History-principals
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unity and growth

Following our request for more information on this iconic sculpture on our school grounds, we received information from Mr John Paisley. John Paisley, an Art Teacher at Muir Primary in 1970, was commissioned by the Matric Class of 1970 to create the sculpture as their farewell gift to the school. The sculpture symbolised unity and growth - the circles growing upwards. Thank you, Mr Paisley, for creating such a beautiful sculpture for our school grounds.

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OUR ARCHIVES

TAKE A TRIP DOWN MEMORY LANE 

Click here to visit our archive pages.

student centre

The build: 2007

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overview of our history

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snippets of our history

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History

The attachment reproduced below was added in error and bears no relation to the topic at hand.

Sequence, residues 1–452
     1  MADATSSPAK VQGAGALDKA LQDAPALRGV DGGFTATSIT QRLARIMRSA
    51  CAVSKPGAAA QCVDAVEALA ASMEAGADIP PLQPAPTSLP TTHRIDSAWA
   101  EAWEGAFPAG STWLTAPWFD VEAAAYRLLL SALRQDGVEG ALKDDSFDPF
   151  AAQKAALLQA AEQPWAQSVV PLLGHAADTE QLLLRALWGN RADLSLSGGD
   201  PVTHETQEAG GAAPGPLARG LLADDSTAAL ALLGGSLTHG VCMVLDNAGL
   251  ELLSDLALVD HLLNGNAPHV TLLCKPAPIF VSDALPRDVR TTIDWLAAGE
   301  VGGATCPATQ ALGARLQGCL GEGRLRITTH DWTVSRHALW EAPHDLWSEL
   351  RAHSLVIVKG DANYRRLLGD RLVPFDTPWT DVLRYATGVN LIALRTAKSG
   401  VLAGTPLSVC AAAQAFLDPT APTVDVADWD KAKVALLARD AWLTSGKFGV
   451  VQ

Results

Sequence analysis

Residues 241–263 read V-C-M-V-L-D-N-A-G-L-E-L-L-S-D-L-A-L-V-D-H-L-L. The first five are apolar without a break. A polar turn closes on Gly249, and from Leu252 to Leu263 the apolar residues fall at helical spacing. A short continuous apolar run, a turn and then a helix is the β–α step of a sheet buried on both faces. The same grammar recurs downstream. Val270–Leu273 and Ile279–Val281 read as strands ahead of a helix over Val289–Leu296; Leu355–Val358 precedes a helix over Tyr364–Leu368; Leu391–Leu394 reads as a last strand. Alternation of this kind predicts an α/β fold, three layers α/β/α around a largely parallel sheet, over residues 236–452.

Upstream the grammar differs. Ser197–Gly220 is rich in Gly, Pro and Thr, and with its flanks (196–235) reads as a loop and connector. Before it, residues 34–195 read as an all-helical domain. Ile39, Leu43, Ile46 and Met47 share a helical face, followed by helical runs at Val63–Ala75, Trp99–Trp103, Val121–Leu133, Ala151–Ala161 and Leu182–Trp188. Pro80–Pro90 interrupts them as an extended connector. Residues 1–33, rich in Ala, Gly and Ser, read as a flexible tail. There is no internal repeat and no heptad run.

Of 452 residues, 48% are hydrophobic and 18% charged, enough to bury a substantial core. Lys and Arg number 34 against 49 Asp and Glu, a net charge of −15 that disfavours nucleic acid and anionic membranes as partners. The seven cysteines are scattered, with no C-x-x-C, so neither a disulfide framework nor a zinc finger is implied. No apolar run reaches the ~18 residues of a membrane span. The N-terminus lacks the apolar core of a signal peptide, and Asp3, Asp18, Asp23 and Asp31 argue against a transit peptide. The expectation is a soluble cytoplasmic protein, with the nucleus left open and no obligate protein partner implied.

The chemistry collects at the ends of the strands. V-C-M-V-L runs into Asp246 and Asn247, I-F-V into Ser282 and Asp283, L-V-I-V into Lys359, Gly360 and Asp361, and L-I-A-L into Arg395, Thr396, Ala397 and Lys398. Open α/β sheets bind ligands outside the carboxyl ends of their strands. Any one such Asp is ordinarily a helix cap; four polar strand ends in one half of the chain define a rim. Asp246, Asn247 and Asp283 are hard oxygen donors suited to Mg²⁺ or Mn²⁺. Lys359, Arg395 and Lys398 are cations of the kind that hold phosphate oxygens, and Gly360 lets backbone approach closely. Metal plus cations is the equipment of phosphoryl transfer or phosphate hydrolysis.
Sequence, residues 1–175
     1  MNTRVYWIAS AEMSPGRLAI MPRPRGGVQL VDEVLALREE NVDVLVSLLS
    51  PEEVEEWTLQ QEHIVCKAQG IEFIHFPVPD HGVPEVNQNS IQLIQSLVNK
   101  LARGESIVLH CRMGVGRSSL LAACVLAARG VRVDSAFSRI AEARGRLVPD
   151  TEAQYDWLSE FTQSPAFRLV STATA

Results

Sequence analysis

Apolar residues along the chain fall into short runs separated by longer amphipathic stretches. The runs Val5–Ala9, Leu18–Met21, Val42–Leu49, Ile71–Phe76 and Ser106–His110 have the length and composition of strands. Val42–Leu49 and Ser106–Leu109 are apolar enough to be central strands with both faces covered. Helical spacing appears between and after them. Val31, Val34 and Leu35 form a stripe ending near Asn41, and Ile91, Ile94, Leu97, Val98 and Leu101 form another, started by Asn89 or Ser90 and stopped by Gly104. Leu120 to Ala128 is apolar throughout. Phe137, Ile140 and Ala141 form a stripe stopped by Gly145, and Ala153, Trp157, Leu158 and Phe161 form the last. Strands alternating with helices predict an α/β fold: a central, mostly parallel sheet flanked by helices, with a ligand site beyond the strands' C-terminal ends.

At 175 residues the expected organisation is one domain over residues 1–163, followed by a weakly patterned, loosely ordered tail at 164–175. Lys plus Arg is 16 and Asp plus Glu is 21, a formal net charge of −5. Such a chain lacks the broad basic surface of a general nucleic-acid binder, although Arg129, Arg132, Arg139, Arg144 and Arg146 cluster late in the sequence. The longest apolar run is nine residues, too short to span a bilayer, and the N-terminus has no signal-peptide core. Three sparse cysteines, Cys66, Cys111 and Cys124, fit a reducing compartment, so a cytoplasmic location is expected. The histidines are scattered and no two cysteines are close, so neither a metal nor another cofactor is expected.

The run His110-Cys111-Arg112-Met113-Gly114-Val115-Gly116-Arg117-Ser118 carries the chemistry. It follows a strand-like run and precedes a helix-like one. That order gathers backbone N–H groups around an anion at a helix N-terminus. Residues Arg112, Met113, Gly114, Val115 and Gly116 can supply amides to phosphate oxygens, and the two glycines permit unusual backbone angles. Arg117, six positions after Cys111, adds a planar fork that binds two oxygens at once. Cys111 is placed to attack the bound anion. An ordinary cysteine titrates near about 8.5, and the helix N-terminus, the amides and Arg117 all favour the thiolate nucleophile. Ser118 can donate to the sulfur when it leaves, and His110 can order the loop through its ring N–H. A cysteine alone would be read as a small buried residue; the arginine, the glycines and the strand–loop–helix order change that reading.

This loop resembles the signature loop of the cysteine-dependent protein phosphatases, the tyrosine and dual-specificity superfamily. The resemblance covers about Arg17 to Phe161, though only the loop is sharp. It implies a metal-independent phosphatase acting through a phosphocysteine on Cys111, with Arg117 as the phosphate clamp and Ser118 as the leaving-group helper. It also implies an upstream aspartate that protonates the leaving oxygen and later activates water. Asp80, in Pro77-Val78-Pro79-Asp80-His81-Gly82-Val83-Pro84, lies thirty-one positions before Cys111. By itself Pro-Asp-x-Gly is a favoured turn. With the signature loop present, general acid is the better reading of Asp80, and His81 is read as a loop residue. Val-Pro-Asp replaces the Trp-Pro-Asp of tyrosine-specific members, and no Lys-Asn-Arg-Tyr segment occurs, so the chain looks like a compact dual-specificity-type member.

Mrs P.W.Hutton, headmistress from 1972 to 1987, wrote, “Our history shows how from very small beginnings the School, in spite of many problems and setbacks, has grown to its present size. The achievements of the past serve as an inspiration to us and we can face the future with confidence, knowing that our present teachers and pupils, and those who will come to us in the future, will not only maintain the proud traditions of our School but will add to them and to the luster of our good name.” Miss. Jean Bartlett (lady Principal from 1957 to 1972) wrote the following in a letter of congratulations on the occasion of our Centenary Celebrations. “ May you of the present cull all that is good and worthwhile from the past and carry it forward into the future so that the generations of Riebeek College pupils to come may build upon the firm foundations laid before your time, foundations strengthened and buttressed by your own loyalty and your own ideals.  May each one of you go forward into life with high courage, good humour and firm faith, using to the full whatever talents you may possess, and remembering always that “the woods would be very silent if no birds sang there, except those that sang best”. (Van Dykes)